The Fate of the Trail

Both the Old Spanish Trail Association and Old Spanish Trail underwent several transformations as highway systems were federally standardized throughout the decades that followed. The OST Association resisted efforts to change the OST name even before the trail was completed as they considered its name to be an integral part of the OST’s identity and significance. Despite their efforts to resist state and country-wide standardization, ultimately the OST was subsumed by larger, numbered highways.

The OST Association largely dissolved in 1929, after they declared the highway as complete, which met their primary objective. They commemorated its completion with a motorcade from St. Augustine, Florida to San Diego, California, aiming to host the largest motorcade to date. However, due to poor weather conditions, the motorcade finished with a mere 15 cars.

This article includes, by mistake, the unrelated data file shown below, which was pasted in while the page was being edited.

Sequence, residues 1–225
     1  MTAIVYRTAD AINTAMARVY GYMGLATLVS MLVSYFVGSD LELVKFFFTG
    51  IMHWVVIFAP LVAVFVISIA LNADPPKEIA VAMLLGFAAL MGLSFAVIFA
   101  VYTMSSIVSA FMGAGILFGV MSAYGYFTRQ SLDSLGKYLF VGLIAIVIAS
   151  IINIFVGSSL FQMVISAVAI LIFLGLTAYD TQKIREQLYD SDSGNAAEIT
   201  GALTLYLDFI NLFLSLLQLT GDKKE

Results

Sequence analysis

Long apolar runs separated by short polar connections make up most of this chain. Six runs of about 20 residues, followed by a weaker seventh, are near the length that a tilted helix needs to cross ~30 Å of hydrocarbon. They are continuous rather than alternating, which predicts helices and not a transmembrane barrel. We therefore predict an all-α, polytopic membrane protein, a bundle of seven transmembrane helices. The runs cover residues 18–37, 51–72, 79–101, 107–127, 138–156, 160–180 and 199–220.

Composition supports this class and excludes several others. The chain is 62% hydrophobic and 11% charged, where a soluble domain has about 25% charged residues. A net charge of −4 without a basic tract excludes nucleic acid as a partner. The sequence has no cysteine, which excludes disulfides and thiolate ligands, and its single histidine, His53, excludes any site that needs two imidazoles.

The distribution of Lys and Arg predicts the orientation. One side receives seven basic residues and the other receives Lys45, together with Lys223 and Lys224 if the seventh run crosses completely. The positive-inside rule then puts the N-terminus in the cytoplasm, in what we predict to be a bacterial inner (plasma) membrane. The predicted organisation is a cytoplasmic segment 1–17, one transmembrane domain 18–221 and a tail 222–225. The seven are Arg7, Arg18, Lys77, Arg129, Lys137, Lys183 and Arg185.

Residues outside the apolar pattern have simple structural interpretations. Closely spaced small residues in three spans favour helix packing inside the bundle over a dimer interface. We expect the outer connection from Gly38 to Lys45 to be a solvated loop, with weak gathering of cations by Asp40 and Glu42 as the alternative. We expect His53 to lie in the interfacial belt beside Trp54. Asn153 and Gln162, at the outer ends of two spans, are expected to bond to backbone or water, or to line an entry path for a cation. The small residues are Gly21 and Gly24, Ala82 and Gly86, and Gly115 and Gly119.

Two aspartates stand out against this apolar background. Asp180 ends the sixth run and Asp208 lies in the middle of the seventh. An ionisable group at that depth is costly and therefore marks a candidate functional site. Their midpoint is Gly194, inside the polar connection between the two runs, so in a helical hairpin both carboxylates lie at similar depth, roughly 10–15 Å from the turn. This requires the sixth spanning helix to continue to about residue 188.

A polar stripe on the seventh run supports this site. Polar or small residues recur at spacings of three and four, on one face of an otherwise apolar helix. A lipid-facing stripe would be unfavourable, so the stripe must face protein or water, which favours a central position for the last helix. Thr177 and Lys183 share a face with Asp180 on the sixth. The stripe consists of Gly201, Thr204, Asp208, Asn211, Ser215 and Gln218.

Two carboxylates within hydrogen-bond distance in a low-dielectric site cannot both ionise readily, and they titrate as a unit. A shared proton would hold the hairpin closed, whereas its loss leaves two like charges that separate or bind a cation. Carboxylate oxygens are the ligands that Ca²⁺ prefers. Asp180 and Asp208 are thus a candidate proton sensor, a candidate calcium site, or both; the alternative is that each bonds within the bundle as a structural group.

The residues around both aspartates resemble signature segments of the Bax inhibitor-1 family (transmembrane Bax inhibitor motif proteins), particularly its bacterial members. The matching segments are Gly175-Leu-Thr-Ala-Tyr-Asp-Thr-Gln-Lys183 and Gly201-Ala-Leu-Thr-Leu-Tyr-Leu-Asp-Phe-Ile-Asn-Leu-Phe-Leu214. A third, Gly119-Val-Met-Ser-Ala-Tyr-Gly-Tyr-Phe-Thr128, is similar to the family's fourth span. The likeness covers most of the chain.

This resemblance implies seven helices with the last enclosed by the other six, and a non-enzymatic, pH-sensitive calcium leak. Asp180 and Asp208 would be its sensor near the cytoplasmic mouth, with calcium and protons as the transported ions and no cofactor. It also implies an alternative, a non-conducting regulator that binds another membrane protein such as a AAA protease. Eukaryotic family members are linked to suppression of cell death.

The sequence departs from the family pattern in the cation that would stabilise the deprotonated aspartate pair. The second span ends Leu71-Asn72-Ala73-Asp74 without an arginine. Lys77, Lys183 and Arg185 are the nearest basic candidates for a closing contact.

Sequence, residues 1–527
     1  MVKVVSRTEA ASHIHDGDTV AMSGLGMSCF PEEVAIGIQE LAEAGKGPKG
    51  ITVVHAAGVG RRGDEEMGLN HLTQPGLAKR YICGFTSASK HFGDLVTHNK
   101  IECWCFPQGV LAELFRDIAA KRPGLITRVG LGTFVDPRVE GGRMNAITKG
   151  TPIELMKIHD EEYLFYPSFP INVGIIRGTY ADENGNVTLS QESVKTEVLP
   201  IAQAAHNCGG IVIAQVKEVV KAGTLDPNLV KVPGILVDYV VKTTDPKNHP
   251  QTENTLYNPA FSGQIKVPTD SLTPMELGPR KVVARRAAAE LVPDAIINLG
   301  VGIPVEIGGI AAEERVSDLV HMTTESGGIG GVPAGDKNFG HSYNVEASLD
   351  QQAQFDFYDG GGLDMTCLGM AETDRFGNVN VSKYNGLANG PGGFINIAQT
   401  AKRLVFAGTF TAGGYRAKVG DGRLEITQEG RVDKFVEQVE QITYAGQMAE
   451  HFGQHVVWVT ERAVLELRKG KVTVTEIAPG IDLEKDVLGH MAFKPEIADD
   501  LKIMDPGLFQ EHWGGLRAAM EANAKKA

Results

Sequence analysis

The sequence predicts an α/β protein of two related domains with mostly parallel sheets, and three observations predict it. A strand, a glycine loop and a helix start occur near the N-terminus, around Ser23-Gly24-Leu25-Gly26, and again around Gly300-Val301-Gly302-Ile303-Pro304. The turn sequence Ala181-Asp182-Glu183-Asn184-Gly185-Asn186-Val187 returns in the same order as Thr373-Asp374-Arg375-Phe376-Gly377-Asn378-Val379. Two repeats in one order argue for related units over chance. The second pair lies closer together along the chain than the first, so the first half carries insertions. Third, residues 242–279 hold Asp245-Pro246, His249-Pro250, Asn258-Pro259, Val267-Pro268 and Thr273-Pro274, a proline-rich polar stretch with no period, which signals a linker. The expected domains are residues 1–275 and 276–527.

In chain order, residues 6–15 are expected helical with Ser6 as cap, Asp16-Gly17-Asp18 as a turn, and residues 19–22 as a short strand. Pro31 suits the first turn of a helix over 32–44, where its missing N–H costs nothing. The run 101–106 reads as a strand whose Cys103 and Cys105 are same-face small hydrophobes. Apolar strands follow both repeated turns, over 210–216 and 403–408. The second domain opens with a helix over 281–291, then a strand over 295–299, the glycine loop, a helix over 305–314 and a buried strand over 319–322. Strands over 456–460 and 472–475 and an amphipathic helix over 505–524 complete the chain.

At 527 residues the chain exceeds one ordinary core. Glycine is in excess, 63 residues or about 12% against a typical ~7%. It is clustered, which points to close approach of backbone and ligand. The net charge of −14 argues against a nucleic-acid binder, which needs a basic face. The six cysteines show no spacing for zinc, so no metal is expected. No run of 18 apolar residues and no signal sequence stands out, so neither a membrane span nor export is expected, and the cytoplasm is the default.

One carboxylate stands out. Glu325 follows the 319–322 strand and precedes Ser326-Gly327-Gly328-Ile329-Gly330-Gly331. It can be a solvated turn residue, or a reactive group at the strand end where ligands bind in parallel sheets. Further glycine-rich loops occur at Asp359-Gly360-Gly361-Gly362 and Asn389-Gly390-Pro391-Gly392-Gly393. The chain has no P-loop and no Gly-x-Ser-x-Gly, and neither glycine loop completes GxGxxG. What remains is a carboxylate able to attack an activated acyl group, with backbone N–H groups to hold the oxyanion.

After its dissolution, smaller factions of the OST Association remained, with no head office or governing board. The managing director, Harral Ayres, returned to New Jersey to take care of his elderly mother. Decades later, in the early 1950s, the surviving factions of the OST Association formed the OST Inc., and aimed to increase traffic on US 90, a part of the former OST.

The trail itself quickly lost its name after the OST Association dissolved, and highways IH 10 and US 80 and 90 subsumed sections of the OST, while other portions were incorporated into city streets or forgotten outright. Today, these segments have been repaved, and drivers can still traverse portions of the OST. The OST100 organization, formed in 2002, celebrates the centennial of the OST’s construction with reenactments and motorcades that mirror the events that unfolded surrounding the highway’s planning and completion. OST100 celebrates the legacy of the many people that created this iconic highway, and the era of romance that marked the early 20th century.